Brightness is reflected light. With lower brightness, overall contrast is reduced, and highlights are dulled. Brighter papers cost more, in general, since brightness is a result of adding costly additives like titanium dioxide to the stock.
Not all papers within a given grade category are equal, however. Differences in ink holdout, smoothness, opacity, the amount of coating, side to side consistency, and runability must be taken into account as well.
Papers come in a variety of surface types, and once again, individual stocks vary within a classification. The most common coated surfaces are cast-coated, gloss, dull, matte, silk and embossed; uncoated grades come in a wide variety of finishes such as smooth, linen, vellum, and felt. Each of these surfaces will provide different print quality and overall appearance. Each has its strengths and appropriateness for a particular job.
Most grades come in a variety of weights for both cover and text. Having a dummy made before you specify weights is invaluable, since it allows you to check for opacity (put a page of type behind one of the unprinted pages) and for the overall 'hand' of the piece.
Holdout refers to a paper's ability to hold ink on the surface consistently, so that it will dry in a sharper, more clearly defined dot and produce higher ink gloss. When ink is absorbed into the sheet, it spreads, creating a phenomenon referred to as 'dot gain'.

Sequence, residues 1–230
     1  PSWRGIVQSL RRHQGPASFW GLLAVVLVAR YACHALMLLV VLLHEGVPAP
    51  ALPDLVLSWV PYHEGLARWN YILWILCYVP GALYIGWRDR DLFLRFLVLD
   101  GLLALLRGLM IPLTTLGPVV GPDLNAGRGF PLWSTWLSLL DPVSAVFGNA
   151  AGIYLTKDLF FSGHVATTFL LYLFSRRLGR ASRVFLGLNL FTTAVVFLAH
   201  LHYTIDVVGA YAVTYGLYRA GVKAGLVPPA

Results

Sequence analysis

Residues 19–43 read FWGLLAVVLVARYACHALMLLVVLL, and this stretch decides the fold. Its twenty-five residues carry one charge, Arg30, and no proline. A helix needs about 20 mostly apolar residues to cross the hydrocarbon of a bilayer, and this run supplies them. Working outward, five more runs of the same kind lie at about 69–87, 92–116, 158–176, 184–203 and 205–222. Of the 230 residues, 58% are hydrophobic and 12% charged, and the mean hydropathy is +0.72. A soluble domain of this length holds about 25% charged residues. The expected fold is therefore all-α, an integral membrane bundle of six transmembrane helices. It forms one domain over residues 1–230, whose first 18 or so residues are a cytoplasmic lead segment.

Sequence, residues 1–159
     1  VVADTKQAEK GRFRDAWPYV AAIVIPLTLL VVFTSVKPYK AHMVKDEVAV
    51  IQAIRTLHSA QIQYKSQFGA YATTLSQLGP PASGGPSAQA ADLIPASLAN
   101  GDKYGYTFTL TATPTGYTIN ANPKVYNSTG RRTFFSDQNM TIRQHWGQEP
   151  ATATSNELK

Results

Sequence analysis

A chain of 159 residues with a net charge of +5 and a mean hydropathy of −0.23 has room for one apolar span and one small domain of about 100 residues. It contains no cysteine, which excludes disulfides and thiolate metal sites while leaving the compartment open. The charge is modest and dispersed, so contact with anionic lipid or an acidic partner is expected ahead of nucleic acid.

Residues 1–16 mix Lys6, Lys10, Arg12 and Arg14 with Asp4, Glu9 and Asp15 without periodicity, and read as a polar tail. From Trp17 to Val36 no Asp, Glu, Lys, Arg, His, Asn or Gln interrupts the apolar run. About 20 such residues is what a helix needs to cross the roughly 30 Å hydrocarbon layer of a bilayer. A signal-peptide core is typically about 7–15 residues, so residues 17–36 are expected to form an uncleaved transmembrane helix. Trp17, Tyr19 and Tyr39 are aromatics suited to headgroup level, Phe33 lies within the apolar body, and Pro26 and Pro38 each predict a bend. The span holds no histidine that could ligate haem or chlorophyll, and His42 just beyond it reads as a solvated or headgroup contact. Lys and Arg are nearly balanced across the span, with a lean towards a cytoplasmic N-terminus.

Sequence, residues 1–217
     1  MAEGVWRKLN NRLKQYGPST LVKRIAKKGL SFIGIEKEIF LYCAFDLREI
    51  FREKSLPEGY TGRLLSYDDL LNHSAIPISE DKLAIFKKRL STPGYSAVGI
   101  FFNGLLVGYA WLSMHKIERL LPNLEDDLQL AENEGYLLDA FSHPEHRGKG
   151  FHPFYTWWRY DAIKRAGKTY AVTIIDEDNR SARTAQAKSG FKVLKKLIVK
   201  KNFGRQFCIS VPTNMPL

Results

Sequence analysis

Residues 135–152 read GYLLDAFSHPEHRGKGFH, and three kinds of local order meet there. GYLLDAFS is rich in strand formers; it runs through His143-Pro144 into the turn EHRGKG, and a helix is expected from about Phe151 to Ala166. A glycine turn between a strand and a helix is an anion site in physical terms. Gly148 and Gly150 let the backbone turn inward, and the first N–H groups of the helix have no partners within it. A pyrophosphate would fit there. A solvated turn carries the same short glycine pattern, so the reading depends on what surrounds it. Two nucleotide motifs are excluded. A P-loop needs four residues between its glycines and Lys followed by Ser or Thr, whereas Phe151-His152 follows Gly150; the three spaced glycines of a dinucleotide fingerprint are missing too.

Printers 'fingerprint' their presses with a variety of different papers. In fact, they often have specific performance data for the combination of paper, press, and pre-press techniques being used. Printers can be invaluable in helping specify a sheet.
There are two types of opacity: 'apparent opacity' refers to the actual opacity of the unprinted paper itself; 'printed opacity' is affected by holdout, in that the lessened opacity is actually caused by absorption of ink. As ink is absorbed into a sheet of paper the printed opacity of the page decreases, causing the image to show through on the back.